I've never cared for the basic premise of assertions like this. That is to say, I've been fairly well educated in the sciences, and did a lot of reading in science when I was young (I did a lot of reading in a lot of subjects; I still do). Yet I can never remember what the Second Law of Thermodynamics is (pace C.P. Snow; and your idea of the "Two Cultures" was rather weak anyway), and I'd never before heard of Euler's Identity (nor did the link to Wikipedia enlighten me much; surprise, surprise.). I do, however, think Wittgenstein would have a lot of fun with a statement like this:
After proving Euler's Identity during a lecture, Benjamin Peirce, a noted American 19th Century philosopher/mathematician and a professor at Harvard University, stated that "It is absolutely paradoxical; we cannot understand it, and we don't know what it means, but we have proved it, and therefore we know it must be the truth."But oddly, I still don't consider myself scientifically illiterate. I speak jargon in three different professions(academic English; law; and theology/philosophy), so I understand the concept of "speaking science." I'm just not impressed by it. It's a minor skill set, a set of vocabulary, a specific lexicon. But it's still a language game. Big deal.
I could tell you how you don't speak my jargon, therefore you have no business talking to me. I could establish foundational claims in philosophy of religion, or theology, or literary criticism, and fling them about proving you are a fool unless you speak as me! Feh. Had enough of that in graduate school. Left academia the first time to get away from it. I'm not interested. It proves nothing.
On the other hand, I despise ignorance and affect; which is probably why this kind of pose bothers me. At either extreme we can establish a litmus test, an initiation rite, a test which you must complete in order to be allowed into the charmed circle of discussion. We need some standard, of course: it is pointless to argue with fools. Ultimately, though, I've come to the conclusion that it is simply pointless to argue.
Do you want to establish your position and persuade others it is sound? Fair enough. Do you want to sweep the agora of all foolishness and wrong-headed nonsense? Might as well stop the tide coming in while you're at it.
Now, to be fair, Gareth Harris is inviting a dialogue, not dismissing the ignorant as impossible to teach. I agree with him, ultimately. If you would discuss a subject, learn it first. I guess I just prefer a bit more humility in the approach. The more I have learned, and I have learned a great deal, the more I realize I know very little about a lot of things. But the more the world comes to resemble Borge's Library of Babel for me: as full of books as there are stars in the sky, indeed more full than that. It is a library that comprises the universe itself, but none of the books are written in a language I can read, even though the books themselves comprise all language. My knowledge is a paltry thing, and the more I apply myself to learning the greater portion of one field, the narrower my scope becomes, and the less I know of the universe itself. Although I imagine that if I simply persevere in one pursuit, I will finally see the universe in a grain of sand, and know all eternity in an hour, I also know this is not true, that the microcosm is not the macrocosm, and that the more I learn about one thing, the less I learn about all things. So I abjure jargons.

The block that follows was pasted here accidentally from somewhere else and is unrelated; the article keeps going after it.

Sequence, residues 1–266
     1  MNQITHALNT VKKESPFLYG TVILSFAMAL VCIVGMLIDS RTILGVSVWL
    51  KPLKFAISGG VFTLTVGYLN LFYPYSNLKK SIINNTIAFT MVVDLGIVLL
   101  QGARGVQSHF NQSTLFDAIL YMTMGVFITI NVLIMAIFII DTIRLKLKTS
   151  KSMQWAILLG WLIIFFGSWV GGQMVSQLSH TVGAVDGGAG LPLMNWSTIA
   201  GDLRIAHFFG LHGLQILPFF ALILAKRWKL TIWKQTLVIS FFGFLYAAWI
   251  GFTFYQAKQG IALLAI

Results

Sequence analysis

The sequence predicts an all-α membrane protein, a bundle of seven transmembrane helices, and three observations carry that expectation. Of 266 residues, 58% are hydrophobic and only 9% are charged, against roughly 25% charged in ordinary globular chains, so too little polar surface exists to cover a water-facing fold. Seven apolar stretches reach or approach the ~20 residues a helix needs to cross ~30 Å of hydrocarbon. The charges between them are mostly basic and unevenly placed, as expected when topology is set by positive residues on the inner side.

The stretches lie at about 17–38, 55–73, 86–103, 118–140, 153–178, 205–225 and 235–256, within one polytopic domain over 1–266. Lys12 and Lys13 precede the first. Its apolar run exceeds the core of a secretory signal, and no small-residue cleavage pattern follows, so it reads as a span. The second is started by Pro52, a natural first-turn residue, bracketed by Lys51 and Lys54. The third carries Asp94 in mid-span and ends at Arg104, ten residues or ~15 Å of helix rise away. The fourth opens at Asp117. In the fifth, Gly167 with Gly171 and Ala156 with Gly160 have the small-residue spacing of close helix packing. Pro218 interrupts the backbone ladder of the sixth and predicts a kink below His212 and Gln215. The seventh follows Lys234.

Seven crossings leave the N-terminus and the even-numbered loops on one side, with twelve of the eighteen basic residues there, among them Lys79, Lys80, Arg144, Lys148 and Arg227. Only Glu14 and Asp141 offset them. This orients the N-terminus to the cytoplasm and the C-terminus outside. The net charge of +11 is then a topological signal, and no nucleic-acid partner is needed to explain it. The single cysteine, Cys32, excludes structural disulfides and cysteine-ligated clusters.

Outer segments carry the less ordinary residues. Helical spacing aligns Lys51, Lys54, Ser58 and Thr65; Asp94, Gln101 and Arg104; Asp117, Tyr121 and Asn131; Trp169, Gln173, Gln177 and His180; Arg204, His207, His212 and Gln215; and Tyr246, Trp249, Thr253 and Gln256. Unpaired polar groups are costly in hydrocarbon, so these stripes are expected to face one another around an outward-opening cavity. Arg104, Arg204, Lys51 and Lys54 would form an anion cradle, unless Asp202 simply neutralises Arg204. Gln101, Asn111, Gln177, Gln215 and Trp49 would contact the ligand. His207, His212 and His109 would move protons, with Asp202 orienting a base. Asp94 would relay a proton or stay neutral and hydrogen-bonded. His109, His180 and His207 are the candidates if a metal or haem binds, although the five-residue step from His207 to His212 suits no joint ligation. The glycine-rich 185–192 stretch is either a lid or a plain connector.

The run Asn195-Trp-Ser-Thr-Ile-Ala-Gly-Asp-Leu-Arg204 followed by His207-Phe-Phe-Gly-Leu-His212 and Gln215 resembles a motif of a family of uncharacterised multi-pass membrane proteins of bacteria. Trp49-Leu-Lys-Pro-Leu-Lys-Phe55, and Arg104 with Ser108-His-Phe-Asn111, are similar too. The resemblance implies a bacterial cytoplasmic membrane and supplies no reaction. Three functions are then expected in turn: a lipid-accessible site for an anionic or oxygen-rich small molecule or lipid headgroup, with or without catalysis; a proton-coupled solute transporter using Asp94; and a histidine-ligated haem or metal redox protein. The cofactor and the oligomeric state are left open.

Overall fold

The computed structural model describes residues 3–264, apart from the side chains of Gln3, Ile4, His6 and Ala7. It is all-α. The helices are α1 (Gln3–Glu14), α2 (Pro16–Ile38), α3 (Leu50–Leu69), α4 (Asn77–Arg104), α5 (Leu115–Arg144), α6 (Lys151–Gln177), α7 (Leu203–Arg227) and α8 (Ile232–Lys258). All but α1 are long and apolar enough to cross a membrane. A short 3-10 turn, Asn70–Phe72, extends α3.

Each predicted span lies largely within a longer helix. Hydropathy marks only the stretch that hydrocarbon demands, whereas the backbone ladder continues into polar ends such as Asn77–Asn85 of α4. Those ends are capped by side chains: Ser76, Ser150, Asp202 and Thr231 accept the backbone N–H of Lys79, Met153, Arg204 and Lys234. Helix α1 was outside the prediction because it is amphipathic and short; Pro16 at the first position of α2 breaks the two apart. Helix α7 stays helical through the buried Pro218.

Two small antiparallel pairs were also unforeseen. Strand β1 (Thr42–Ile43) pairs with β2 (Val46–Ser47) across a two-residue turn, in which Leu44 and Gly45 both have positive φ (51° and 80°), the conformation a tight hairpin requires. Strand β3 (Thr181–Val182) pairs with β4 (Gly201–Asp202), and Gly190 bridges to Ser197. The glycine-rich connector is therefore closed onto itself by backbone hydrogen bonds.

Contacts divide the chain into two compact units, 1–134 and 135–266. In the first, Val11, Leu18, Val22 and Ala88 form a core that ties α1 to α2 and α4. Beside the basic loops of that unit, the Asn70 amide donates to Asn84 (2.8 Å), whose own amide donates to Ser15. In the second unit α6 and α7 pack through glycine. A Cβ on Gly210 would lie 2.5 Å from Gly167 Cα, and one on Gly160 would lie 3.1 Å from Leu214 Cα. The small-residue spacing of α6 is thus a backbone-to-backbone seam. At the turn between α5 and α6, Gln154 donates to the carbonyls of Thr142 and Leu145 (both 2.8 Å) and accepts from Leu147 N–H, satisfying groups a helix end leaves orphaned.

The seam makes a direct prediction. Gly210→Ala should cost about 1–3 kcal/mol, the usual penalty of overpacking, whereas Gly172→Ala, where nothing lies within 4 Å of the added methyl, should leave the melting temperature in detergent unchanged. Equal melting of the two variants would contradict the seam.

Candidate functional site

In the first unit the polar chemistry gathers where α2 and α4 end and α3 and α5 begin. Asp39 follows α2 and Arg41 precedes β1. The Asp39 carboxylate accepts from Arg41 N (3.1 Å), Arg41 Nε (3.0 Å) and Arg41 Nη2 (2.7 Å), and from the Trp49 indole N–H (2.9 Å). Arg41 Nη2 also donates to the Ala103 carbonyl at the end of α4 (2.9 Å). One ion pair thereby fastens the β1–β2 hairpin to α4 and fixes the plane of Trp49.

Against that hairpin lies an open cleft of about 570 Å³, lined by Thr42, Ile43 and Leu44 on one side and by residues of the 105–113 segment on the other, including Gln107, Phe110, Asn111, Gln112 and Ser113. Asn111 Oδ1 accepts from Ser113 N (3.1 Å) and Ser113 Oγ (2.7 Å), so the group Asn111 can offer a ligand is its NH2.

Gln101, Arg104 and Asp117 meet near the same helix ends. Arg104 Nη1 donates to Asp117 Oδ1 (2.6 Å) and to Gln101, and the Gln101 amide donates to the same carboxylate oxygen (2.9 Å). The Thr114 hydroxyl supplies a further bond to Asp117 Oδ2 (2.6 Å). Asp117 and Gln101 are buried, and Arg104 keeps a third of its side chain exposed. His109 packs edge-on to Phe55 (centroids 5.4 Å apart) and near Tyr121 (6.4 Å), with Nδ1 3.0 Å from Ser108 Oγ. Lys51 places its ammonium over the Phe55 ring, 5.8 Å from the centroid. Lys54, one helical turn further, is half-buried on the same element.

Could I set you a task of understanding the world's literatures, or just those I know best, from Western culture? But which way will I have you learn it? What will I establish as fundamental? The moment I choose something, I set it apart as a mountain, but to climb a mountain is merely to reach the top. What about all the other mountains, and the valleys, and the deserts, and the beaches, and the plains? Philosophy of religion? Which is more important? The Christian question of theodicy? The metaphysical nature of the Ground of Being? The experience of eternity, the mystical union with the Godhead? The peace that passes all understanding? Which must you know before we can converse? Must we learn the nature of the soul? Must we agree there is a "soul"? Must we accept that the most important things in the universe are knowable to the human mind? Must we decide that what is not knowable is worthless? Should we first decide what it means to "know"?
So you should understand the fundamental concepts of epistemology, then? But whose? Those of Socrates? Or Locke, Berkeley, Hume? Kant? Gadamer? When do you know enough that we can discuss existentialism in the realm of Christianity? After you've read all of Kierkegaard? Or Kierkegaard and Tillich? Or should we read Buber together in order to both grasp the nature of the I-Thou as he understood it? Is this essential? Or merely my interest, my hobbyhorse, the way I came to the understandings I have now?
I don't know. I don't know. The commandment was that we love one another. Are we doing that now? (I address only other Christians now, I know.) And if not, why not? What else are we called to do? Evangelize? Wouldn't loving one another do that? Wouldn't it do it better than anything else?
But which is easier? To evangelize? To set some ground rules before you can talk to me? Or to love one another? Three guesses; first two don't count.